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Agonists and Antagonists
 Moderated by: DrDeb  
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micol124
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Joined: Wed Nov 14th, 2007
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 Posted: Thu Jan 17th, 2008 04:42 am
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Dear Dr. Deb, I was re-reading true collection and today my attantion was caught by the picture you have describing the agonists and antagonists. I will explain the background story:
after a winter in "training" that consisted heavily of draw rein work, I was returned a horse that was angry and that looked like a camel: his Tb withers looked more prominant and he had a marked dip in front of them. during the summer I found your site and devoured the info in your articles and the forum. I have been retraining my horse paying attntion to the lift at the base of the neck, which he does very well in groundwork, and which I can achive more and more under saddle. So, here's my question: his muscling has changes, in particular, the dip in front of his withers is filling in, and he is developing a muscle (superficial) that looks like the cervical trapezius muscle. I believe it to be said muscle because of the location, but that would mean he is dropping the base of his neck during work, but I have been paying close attention to our work time and I have seen him lift the base of his neck almost the whole time he is doing groundwork and free walk, and at least 60% of the time during trot and canter work (he is filling in for me less and less, but filling in none the less).
I am confused: how could this muscle be wasted after incorrect work with tight draw reins, and yet devlop when I am paying attention and seeing correct biomechanics?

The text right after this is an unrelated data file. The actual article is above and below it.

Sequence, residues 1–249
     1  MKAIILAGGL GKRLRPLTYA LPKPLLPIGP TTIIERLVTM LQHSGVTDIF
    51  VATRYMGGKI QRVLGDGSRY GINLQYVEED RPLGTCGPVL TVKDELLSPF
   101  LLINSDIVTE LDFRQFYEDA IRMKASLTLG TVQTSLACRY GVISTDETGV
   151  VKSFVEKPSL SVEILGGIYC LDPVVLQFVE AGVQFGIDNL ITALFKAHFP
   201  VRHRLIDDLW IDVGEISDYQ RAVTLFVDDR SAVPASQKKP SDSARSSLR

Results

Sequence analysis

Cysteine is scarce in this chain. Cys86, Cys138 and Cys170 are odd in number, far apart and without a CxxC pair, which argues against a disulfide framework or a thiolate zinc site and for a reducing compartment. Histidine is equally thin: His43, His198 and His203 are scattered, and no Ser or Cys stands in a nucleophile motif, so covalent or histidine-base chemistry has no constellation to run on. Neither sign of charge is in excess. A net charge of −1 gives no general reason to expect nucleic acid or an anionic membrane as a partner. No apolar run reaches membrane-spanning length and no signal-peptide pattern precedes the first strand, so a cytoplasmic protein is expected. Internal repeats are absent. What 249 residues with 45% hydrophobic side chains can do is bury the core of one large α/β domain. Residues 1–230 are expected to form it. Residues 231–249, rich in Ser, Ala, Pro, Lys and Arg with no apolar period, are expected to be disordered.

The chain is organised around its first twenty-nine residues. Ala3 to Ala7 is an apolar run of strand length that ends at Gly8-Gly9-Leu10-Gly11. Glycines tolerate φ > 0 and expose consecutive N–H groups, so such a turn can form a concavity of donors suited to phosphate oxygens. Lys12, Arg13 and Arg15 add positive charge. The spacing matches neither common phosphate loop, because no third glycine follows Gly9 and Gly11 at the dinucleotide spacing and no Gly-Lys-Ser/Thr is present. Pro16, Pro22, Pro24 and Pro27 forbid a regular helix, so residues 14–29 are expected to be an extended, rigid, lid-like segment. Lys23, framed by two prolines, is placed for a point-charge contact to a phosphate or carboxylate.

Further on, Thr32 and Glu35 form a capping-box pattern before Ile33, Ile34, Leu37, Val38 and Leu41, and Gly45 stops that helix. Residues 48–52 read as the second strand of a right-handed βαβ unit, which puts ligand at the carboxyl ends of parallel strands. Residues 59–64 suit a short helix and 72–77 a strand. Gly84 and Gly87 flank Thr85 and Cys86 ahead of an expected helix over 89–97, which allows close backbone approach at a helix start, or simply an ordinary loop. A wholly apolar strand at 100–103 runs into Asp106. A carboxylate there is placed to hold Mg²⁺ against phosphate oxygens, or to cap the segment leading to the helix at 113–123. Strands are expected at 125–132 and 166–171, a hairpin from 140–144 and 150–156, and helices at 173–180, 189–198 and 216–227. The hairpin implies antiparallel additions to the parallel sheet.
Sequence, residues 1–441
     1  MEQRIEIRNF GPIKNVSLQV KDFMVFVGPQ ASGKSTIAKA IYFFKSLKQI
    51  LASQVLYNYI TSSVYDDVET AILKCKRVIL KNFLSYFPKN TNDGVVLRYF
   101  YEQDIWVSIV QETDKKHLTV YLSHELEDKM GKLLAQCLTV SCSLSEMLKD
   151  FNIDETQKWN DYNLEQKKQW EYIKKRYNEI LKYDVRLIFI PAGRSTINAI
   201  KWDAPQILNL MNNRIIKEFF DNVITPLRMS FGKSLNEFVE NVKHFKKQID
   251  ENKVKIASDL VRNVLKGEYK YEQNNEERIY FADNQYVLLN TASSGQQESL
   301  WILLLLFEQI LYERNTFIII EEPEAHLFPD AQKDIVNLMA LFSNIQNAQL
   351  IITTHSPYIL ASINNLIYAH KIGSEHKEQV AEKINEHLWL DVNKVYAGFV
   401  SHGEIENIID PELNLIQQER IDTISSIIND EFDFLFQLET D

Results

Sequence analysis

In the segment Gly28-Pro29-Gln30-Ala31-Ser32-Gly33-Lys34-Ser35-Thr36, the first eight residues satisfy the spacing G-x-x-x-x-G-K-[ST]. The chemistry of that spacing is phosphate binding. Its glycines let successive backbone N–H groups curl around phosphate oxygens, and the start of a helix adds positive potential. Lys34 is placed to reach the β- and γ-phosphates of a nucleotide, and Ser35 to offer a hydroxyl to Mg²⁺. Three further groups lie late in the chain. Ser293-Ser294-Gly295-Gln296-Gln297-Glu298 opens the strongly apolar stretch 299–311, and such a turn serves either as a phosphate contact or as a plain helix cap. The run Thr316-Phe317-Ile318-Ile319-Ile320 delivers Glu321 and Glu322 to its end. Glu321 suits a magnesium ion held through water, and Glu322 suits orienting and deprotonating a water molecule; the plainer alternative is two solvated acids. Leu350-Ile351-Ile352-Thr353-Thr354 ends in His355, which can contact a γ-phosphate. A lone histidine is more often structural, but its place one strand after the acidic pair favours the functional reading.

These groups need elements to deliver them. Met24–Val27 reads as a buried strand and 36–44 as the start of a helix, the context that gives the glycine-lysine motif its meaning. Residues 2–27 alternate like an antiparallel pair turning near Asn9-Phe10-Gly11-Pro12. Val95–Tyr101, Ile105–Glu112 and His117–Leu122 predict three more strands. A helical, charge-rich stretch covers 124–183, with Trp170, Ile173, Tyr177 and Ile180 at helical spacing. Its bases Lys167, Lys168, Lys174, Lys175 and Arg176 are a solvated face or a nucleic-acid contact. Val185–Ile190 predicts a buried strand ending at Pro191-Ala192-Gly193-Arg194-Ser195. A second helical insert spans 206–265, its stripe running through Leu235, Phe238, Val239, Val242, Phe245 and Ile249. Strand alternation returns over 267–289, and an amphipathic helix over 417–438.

DrDeb
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 Posted: Sun Jan 20th, 2008 09:45 am
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Micol, yours is a confusion that we quite commonly get from folks who have never actually had their hands on an actual carcass. One of the greatest -- if subtle -- benefits of attending one of my anatomy classes is that you absolutely cannot escape how very THICK the horse's body is. Particularly in the neck, the muscles are arranged in layers, one layer on top of the other.

It is therefore not safe to assume that any muscular bulge you find in the horse's neck is due to development in a muscle belonging to the most superficial layer. It is also (and I smile to say this) not good to assume that bulges are actually due to muscular development at all -- but that's another matter.

So what you are going to have to do is take a photo of your horse, setting up the lighting so that whatever bulges are there will show. Make sure the photo is in good focus, and size it no bigger than 2.2 inches wide at 300 dpi. That's just the right size to fit into the window you get here at the Forum -- any bigger and it just eats server space for no good reason.

When I see the photo, I'll be able to tell you which muscles are developing, and, in general, what your situation is. I am very sorry to hear that you permitted anyone else to train your horse, and, particularly, that you permitted the use of draw reins. Never again, please....let's call that one a lesson learned, I hope. -- Dr. Deb

micol124
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Joined: Wed Nov 14th, 2007
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 Posted: Sun Jan 20th, 2008 01:56 pm
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Thank you for you kind reply!
Oh yes, noone else from then on will ever train my animals.

Thank you for your reply. I will do my best today and take that picture (I am leaving today for a week, so I may not post it till then). in the meantime, I am leaving the US and going back to Europe and enrolling in vet school where I hope to "play" with carcasses, and despite my pitiful financial situation, I would like to purchase one of your publications, either the conformation books or the inner horseman that talks about shoeing... which one do you suggest?


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